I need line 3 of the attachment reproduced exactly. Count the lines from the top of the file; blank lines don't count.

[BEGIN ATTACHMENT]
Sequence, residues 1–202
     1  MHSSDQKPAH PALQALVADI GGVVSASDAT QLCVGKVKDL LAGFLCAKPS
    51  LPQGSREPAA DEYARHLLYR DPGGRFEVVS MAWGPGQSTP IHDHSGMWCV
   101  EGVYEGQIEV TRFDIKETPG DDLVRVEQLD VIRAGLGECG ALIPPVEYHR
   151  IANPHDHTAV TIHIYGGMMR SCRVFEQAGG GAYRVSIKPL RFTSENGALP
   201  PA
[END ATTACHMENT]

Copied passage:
    51  LPQGSREPAA DEYARHLLYR DPGGRFEVVS MAWGPGQSTP IHDHSGMWCV